A friend is the old old tale of Narcissus

In other words, our hunger for Love is merely a manifestation of ego since we are only capable of viewing the world through the prism of our own interests and our own self-perception. As Auden explains in his collection of essays called “The Dyer’s Hand” :

Almost all of our relationships begin and most of them continue as forms of mutual exploitation, a mental or physical barter, to be terminated when one or both partners run out of good.

This is true, of course. But it hardly renders Love meaningless.  The act of caring about others is selfish and selfless at the same time.  It’s one of life’s many paradoxes.  Our lives are full of paradox not because that’s how the universe is designed; we see life as being full of paradox because that’s how our brains are designed.

When Samuel Goldwyn complained that a script she had submitted “ended on a sad note,” Dorothy Parker noted

“I know this will come as a shock to you, Mr. Goldwyn, but in all history, which has held billions and billions of human beings, not a single one ever had a happy ending.”

So what should we do about this whole being alive thing?  Well, in addition to depressing the hell out of us in “The Dead Echo,” Auden provides us with some practical advice:

Throw down the mattock and dance while you can.

And as another poet notes, between birth and death, It ain’t no sin to be glad you’re alive.

So the loveliest and most courageous thing we can do is acknowledge the hurt and ugly in our lives and still manage, somehow, to face the music and dance.

* Auden elsewhere refers to this poem as “Death’s Echo”

by Richard W. Bray

The Little Toil of Love

April 13, 2014

new-zeland-zealand-the-free-spring-meadow

I had no time to Hate—
Because
The Grave would hinder Me—
And Life was not so
Ample I
Could finish—Enmity—

Emily Dickinson

The human mind is capable of generating rational thoughts, but thinking is not a rational process. Our thoughts are the fruit of our emotions. The poet Theodore Roethke points out

We Think by Feeling

Our perceptions are limited and transcendence is an illusion. Wallace Stevens reminds us

Your world is you. I am my world

It’s not my task in life to figure out who the good people are
. There are people that I admire; there are people that I enjoy being around; there are people who annoy me; there are people that I don’t enjoy being around. But people are not what I think about them. And whatever fraction of my life I spend evaluating the overall worth of particular human beings is a waste of my precious time on earth. Life is not a contest, and even if it were, no one appointed me judge.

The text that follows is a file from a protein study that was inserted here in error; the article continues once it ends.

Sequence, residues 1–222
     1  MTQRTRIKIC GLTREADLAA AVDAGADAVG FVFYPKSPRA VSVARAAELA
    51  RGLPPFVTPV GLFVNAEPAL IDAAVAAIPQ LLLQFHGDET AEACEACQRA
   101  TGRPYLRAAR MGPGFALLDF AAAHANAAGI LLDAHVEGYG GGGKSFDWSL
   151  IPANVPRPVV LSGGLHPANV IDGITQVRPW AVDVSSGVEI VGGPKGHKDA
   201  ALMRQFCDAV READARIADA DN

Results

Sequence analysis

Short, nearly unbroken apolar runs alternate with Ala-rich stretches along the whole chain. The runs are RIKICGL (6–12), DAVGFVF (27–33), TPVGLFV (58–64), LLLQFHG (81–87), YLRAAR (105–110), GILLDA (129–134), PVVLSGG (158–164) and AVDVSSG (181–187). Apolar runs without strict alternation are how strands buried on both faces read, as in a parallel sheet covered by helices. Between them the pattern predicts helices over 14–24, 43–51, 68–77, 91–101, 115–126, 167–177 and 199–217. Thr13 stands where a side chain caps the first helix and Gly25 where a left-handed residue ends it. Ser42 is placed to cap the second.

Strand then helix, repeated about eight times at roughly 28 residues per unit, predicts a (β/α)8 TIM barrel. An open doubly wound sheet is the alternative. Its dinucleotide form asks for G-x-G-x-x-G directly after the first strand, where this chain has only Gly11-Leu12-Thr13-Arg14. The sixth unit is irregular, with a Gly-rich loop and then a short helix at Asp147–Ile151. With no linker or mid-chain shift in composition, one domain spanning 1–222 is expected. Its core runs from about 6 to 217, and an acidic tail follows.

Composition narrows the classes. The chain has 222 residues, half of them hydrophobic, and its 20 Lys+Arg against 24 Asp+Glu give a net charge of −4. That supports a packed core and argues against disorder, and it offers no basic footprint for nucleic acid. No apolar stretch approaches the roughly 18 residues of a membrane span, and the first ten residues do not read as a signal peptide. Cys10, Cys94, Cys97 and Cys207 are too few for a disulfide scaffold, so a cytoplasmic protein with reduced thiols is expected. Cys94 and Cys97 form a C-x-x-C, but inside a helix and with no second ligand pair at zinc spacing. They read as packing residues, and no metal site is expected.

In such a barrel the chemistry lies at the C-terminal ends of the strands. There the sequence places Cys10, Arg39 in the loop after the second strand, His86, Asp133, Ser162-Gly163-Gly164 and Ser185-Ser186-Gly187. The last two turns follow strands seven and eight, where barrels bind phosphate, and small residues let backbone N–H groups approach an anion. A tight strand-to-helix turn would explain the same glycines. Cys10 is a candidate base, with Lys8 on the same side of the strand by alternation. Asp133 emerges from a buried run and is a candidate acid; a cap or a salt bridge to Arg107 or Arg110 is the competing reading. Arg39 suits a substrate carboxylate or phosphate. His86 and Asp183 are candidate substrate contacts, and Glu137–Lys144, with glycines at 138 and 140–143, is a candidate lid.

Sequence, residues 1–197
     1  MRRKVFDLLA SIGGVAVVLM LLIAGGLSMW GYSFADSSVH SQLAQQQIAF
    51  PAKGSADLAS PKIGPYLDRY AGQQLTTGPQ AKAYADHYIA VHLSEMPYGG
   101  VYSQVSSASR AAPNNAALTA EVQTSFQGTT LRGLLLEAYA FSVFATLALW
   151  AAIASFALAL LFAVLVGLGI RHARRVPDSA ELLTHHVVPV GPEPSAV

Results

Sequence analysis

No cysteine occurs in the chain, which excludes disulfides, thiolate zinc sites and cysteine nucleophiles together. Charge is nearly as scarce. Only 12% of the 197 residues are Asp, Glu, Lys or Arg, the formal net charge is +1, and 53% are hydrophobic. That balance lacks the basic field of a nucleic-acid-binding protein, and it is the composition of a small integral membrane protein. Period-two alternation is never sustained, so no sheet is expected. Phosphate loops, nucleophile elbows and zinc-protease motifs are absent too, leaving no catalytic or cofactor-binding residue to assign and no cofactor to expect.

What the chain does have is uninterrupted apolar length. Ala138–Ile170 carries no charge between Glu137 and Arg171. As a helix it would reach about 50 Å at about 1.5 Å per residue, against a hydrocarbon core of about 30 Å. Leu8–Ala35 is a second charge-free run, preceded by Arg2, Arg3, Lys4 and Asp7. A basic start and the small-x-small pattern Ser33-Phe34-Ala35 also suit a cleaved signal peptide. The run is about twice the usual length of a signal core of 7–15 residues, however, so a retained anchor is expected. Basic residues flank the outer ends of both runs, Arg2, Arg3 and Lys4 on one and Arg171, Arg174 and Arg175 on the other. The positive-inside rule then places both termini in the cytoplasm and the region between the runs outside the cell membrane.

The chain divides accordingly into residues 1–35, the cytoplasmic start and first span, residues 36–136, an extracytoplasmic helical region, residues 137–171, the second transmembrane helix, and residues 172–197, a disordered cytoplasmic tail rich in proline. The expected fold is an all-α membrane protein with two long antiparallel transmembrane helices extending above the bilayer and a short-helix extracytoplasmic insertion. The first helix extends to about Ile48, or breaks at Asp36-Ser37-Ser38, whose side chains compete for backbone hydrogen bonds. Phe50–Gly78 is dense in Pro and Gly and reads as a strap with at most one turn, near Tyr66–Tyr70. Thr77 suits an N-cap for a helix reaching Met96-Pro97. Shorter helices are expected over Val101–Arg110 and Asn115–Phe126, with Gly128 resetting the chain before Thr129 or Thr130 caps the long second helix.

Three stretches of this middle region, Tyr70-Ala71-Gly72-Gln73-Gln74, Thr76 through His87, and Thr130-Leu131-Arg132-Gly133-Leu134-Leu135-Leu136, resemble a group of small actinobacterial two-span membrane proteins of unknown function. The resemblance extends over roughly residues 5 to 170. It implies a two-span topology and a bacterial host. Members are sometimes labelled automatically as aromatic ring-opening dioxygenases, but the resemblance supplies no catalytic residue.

We see others through the prism of how we wish to perceive ourselves. W.H. Auden explains

A friend is the old, old tale of Narcissus.

It is easier to feel compassion for others when I am feeling good about myself. And forgiving myself for my imperfections makes it easier to accept the imperfections of others.

My cruel and petty and spiteful impulses are the excrescence of my inadequacies. I cannot make these impulses go away. But I can endeavor to check myself whenever I fantasize about seeing bad things happen to other people. It’s a perpetual struggle.

by Richard W. Bray

Under an Arch of the Railway: In Praise of W. H. Auden on his One Hundredth Birthday

February 21, 2013

railway arch

I’d like to read one of W. H. Auden’s best-known poems and one of the best-known poems, I suppose, modern poems of the last ten years. Probably someone will find that it was written in the last nine years, but it doesn’t matter…”As I walked Out One Evening.”

—Dylan Thomas (from the Caedmon Collection)

No poet consistently knocks me on my tailbone the way W.H. Auden does. Listening to Auden read Death’s Echo from the Voice of the Poet recordings makes me want to lie down in the fetal position and turn out all the lights.

As I Walked Out One Evening, depressing as it is, leaves me with some hope, however. At my lowest points, I try to remind myself that my life remains a blessing although I cannot bless.

Each stanza of “As I Walked out One Evening” is by itself a masterpiece, containing more literary merit than you will find on this entire blog.

The theme of the poem is certainly nothing new: Everything human beings do and feel is ephemeral. But a poet’s task is not to discover new themes. As Richard Wilbur notes, the “urge of poetry” is to bring its subject matter “into the felt world.”

The poem has many notable lines, but I’d like to focus on one that seems mundane at first reading, line seven:

“Under an arch of the railway”

There are, of course, many less lovely ways to express this particular image: Beneath the railroad line, below the arch which a train passes over, underneath the elevated train tracks, etc. But Auden’s construction magically sings itself off the page and into my brain where it will remain until such time as I am forced to surrender my smidge of nitrogen to the World Fund

Richard W. Bray